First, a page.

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#17 - Ecologist: Forest fires, the vast majority of which

TigerJin
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Hello. I do not see how B is the missing assumption. If I negate it, it becomes: "Protection of forests and their ecosystems ARE NOT the only legitimate reason for attempting to prevent or control forest fires." The argument still stands if that is the case, does that not strengthen the argument? It gives the guy more reasons to keep forest fires burning then, right?
Emily Haney-Caron
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Hi TigerJin,

This is a Justify the Conclusion question, so you want to make sure you're using the Justify techniques. Here's the stimulus:

Premise: Forest fires are needed for forests to flourish.
Conclusion: Humans should stop trying to control forest fires.

We want an answer choice that connects flourishing forests and controlling forest fires. B does just that - B says that helping forests is the only good reason to try to control forest fires. It connects the premise and conclusion, and allows the conclusion to be drawn.

I hope that helps!
TigerJin
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I get it now. I must have been reading that answer choice or the stimulus as something else. It is clear now. With B, the guy is saying the , if the only reason to stop forest fires is to protect the forest, then stop putting out the fires, because the fires are in fact helping the forest. I get it. Thanks.

Too, I did not recognize this question as a Justify question my first time through. Thanks.
avengingangel
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Still confused how B is the correct answer - after reading the conclusion, it seemed to me that I needed something that connected humans' actions with the importance of forest fires burning naturally, on their own. Not connecting flourishing forests with controlling forest fires—why would I want to connect those two things, if human action/interference is the new information that is introduced in the conclusion? Thanks.
Adam Tyson
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Human action isn't the only new element in the conclusion, angel; so is the idea of leaving all forest fires completely alone. The evidence is that fires have some positive ecological effects and are, in fact, necessary for the health of many forests. To justify leaving all fires alone, to burn out on their own, we need to add that those ecological concerns are the ONLY concerns. There's no concern about loss of life, or damage to structures, or harm to the ecology in surrounding areas, etc. Think of it mathematically:

Premise: Fires are good for forests

Justify: That's all that matters in deciding whether to control fires

Conclusion: Don't do anything to control fires

We sometimes call that the Justify Formula, where the answer, added to the premises, gives us the conclusion.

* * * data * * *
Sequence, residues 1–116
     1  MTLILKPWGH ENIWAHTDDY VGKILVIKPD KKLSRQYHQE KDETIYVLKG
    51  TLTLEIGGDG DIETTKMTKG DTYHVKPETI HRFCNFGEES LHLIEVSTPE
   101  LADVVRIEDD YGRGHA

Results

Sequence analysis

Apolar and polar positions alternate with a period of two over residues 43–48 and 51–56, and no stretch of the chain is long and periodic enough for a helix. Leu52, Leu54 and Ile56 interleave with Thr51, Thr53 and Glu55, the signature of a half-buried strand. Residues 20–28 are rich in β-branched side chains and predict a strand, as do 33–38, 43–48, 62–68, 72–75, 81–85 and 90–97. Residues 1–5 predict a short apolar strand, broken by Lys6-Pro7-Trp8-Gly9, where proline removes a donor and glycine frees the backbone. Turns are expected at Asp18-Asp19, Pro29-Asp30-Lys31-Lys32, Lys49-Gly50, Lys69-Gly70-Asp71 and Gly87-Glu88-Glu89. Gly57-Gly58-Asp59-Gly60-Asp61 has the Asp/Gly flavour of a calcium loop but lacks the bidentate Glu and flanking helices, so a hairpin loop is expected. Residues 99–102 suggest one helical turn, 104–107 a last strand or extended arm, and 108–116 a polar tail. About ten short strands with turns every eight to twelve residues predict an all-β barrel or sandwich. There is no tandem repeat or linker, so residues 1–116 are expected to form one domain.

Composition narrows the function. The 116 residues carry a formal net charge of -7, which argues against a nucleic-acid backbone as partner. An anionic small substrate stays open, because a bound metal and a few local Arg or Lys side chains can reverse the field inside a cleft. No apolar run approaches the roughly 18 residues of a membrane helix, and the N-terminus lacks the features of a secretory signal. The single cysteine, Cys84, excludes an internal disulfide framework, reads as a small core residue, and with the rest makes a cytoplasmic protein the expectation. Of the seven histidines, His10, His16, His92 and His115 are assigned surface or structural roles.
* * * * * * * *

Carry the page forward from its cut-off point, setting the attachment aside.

Is this answer imperfect? Sure, because we didn't get info about ALL forests, just MANY forests. We also didn't get any info about possible harmful ecological effects of fires that might counter some of the benefits, like loss of wildlife and their habitats. Still, this is the LSAT, so we aren't looking for perfect answers; we are looking for the best answer of the bunch. If you have an answer choice that you feel is better, share your thoughts on that and we'll discuss your thinking. If not, then pick the best answer (which is B) and get moving on to the next question quickly and confidently.

Good luck!
Adam M. Tyson
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LSAT2018
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So because this is a sufficient assumption, the answer is worded strongly:
Prevent Forest Fire → Protection of Forest
No Protection of Forest → Not Prevent Forest Fire

Protection of the forests is the only reason to prevent fires, but if protection is no longer needed (forest fires are needed to flourish) then forests need not be prevented from forest fires.

Ps. How are the other answers eliminated? Any help would be appreciated! Thank you!!
Last edited by LSAT2018 on Wed Dec 05, 2018 5:16 am, edited 1 time in total.
student987
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I'm confused about how you would eliminate (A). I was stuck between A and B; I would appreciate any help!
Robert Carroll
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L and student,

The explanation of why answer choice (B) is correct looks good. It Justifies the conclusion, so that's all that's needed.

As far as the other answers go:

Answer choice (A) tells me that human intervention will lead to a certain result. But nothing about the undesirability of that result has been proven. So why avoid human intervention? No reason is given.

Answer choice (C) tells me to stop fires in certain situations. The stimulus is all about letting fires burn. This certainly does not help.

Answer choice (D) tells me about human views. Nothing in this tells me what to do as a practical matter.

Answer choice (E) is off base. Consider when, given the context of the stimulus, an ecosystem might be threatened by insects or other predators. All I know of such a threat is (possibly) when forest fires don't burn enough to control such threats. So answer choice (E) tells me not to intervene when fires aren't happening. But the stimulus is saying not to intervene to prevent fires. So this is irrelevant.

Robert Carroll